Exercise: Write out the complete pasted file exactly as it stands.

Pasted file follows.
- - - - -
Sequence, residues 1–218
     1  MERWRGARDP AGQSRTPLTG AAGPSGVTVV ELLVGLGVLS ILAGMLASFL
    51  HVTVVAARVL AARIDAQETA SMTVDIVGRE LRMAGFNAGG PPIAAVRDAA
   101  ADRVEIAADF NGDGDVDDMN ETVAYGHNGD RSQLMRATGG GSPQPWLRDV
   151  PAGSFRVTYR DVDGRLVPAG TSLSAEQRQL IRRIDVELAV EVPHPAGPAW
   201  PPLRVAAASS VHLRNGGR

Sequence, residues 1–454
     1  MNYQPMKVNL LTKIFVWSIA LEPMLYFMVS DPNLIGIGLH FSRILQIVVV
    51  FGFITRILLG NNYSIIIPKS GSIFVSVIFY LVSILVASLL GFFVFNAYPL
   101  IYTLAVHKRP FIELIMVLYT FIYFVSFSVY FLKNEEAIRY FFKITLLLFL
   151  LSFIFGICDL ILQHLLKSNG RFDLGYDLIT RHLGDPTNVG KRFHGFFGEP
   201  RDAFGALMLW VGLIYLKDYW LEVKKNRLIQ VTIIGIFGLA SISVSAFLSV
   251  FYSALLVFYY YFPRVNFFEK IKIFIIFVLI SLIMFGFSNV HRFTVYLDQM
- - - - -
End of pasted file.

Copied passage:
Sequence, residues 1–218
     1  MERWRGARDP AGQSRTPLTG AAGPSGVTVV ELLVGLGVLS ILAGMLASFL
    51  HVTVVAARVL AARIDAQETA SMTVDIVGRE LRMAGFNAGG PPIAAVRDAA
   101  ADRVEIAADF NGDGDVDDMN ETVAYGHNGD RSQLMRATGG GSPQPWLRDV
   151  PAGSFRVTYR DVDGRLVPAG TSLSAEQRQL IRRIDVELAV EVPHPAGPAW
   201  PPLRVAAASS VHLRNGGR

Sequence, residues 1–454
     1  MNYQPMKVNL LTKIFVWSIA LEPMLYFMVS DPNLIGIGLH FSRILQIVVV
    51  FGFITRILLG NNYSIIIPKS GSIFVSVIFY LVSILVASLL GFFVFNAYPL
   101  IYTLAVHKRP FIELIMVLYT FIYFVSFSVY FLKNEEAIRY FFKITLLLFL
   151  LSFIFGICDL ILQHLLKSNG RFDLGYDLIT RHLGDPTNVG KRFHGFFGEP
   201  RDAFGALMLW VGLIYLKDYW LEVKKNRLIQ VTIIGIFGLA SISVSAFLSV
   251  FYSALLVFYY YFPRVNFFEK IKIFIIFVLI SLIMFGFSNV HRFTVYLDQM